TIPTON, Iowa — A little dog named Victor has a new home and the promise of a better future, thanks to the help of some Friends.
On Nov. 1, Victor, a 5-pound Chihuahua, was found on the porch of a house in the small town of Sunbury with an arrow embedded in his shoulder.
The little dog was shaking but could still move around, said Cedar County Sheriff’s Deputy Jay Johnson, who was called to the scene by the homeowners. Johnson called Friends of the Animals, a nonprofit organization in Tipton that promotes humane principles toward animals.
Dee Shotwell, vice president of Friends, sent Johnson to veterinarian Michael O’Donnell at Tipton Veterinary Services, and met them there.
“I wanted to be there to see what we were dealing with,” said Shotwell, who learned that Victor had been shot with a crossbow.
That helped him avoid more serious injuries, said Shotwell, as crossbow arrows are shorter.
The arrow had traveled two inches into Victor’s right shoulder but missed his arteries and heart.
“Victor was so scared,” recalled Shotwell. “And Chihuahuas have those fawn-like eyes. They look at you and wrap themselves around your heart and you’re at their beck and call.”
O’Donnell determined that the wound was several hours old, said Shotwell, because the blood on the arrow was still moist and red.
He gave the dog pain medication and eased the arrow out. The removal was a success, and O’Donnell prescribed antibiotics and pain medication.
Johnson said people who lived in the area where Victor was found told him the dog was a stray that had been wandering in the neighborhood for several weeks.
Victor was brought back to the Friends of the Animal shelter to heal, and the staff named him Victor — short for victorious.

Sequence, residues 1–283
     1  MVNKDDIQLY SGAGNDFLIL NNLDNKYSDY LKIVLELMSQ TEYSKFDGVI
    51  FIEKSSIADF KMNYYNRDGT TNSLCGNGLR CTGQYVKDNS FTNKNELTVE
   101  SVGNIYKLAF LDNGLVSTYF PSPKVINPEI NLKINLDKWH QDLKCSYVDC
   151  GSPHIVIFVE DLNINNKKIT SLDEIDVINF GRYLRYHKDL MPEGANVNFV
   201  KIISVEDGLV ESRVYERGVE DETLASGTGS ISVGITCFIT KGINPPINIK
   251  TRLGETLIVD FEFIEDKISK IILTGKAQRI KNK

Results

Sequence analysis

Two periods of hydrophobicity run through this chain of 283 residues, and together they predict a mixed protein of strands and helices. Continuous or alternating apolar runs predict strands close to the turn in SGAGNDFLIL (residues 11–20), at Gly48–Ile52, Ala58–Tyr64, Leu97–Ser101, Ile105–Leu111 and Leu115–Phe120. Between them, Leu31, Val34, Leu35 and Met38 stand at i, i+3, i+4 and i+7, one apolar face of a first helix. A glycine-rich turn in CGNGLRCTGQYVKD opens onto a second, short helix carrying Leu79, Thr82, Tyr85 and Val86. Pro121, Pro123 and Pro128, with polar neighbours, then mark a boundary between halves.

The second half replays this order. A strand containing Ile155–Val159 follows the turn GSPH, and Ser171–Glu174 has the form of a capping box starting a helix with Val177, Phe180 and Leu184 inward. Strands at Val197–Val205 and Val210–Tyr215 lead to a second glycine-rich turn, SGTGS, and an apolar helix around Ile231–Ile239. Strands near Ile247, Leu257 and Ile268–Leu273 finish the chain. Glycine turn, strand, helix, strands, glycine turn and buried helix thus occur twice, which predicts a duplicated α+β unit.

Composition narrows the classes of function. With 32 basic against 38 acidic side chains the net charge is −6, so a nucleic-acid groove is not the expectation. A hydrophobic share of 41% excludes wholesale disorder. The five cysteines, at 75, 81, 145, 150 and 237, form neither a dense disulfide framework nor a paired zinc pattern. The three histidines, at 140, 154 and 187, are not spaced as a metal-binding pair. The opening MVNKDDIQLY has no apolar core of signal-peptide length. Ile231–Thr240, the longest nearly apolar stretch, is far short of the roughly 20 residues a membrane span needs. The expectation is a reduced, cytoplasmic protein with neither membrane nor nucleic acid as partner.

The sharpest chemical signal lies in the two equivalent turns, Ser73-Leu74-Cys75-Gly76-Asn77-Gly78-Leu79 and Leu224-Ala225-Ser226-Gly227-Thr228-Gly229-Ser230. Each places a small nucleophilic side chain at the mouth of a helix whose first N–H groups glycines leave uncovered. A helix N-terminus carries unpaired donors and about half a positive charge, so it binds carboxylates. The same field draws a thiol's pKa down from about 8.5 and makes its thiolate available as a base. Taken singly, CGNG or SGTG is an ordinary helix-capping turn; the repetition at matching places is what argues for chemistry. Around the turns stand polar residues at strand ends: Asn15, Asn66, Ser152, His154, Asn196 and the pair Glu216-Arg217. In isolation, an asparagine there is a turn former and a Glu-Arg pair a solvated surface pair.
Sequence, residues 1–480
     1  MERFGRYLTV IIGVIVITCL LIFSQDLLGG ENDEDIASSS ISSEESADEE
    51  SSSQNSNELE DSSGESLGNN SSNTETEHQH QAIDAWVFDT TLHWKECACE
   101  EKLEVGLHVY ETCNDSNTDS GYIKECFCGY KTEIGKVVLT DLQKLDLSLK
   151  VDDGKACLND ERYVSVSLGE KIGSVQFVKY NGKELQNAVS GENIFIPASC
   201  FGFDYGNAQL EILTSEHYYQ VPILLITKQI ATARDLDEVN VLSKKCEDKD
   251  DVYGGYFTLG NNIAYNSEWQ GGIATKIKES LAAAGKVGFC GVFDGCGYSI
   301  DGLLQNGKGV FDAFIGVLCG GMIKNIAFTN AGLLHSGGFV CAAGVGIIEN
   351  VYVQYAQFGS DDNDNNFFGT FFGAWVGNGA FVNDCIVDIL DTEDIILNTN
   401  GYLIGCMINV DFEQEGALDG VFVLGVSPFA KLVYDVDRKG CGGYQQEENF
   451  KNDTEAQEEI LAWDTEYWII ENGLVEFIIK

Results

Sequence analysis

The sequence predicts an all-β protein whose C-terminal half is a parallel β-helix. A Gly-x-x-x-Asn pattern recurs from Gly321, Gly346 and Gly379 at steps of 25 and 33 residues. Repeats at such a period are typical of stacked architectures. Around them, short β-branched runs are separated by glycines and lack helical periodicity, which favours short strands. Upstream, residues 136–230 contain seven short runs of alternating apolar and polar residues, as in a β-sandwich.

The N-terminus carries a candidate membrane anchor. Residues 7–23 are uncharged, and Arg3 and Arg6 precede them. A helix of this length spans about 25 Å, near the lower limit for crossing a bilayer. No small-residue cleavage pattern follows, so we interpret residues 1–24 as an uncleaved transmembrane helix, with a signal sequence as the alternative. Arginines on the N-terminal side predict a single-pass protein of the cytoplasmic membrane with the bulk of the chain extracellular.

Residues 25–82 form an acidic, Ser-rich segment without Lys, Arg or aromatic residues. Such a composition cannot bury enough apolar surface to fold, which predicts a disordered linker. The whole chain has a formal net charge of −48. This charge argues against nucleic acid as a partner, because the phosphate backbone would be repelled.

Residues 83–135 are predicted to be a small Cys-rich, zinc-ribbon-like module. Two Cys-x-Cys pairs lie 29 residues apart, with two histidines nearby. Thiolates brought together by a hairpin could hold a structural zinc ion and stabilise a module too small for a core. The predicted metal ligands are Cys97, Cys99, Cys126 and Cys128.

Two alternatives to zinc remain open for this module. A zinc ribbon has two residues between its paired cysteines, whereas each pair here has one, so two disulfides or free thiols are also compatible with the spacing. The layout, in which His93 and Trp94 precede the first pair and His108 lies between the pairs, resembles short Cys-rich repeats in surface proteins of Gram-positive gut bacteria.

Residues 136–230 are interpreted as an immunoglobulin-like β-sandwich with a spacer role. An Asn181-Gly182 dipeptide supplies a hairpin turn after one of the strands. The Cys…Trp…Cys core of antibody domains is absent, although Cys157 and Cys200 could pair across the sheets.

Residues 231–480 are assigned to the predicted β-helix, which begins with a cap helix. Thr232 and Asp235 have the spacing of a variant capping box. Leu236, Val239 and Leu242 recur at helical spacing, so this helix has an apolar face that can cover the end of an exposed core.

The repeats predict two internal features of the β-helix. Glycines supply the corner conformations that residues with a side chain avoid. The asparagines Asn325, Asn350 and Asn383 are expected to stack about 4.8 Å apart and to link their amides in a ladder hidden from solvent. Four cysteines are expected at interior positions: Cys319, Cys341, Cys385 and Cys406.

Victor’s physical wounds have healed. A woman in Cedar County officially adopted him on Dec. 28.
Johnson said he believes the dog was shot by a child.
A family who lives near where Victor was found has several children, said Johnson, and there is a crossbow in the home. Charges are not being filed in the case.
According to Iowa code, it is legal to shoot stray dogs that aren’t tagged or collared and may pose a threat, said Johnson. He isn’t sure what sort of charges could be brought against an adult who would shoot a dog in the same manner.
Shotwell, who began volunteering and working at the shelter three years ago, has seen her fair share of injured, sick and starving animals.
“I love my job, but it rips my heart out to see any animal like that,” said Shotwell, 68, who, with her husband, Jim, has five dogs that live in their home.
The Shotwells also provide a home for retired hunting dogs in a converted barn and dog run on their acreage.
But for all her dealings with dogs, Shotwell said Victor’s is the most unforgettable.
“I’ve never seen anything like that before, and I never want to see it again,” she said.
Who would ever shoot a cute dog like that, anyway? I'm glad he has a new home and someone who will give him the love and attention he'll enjoy!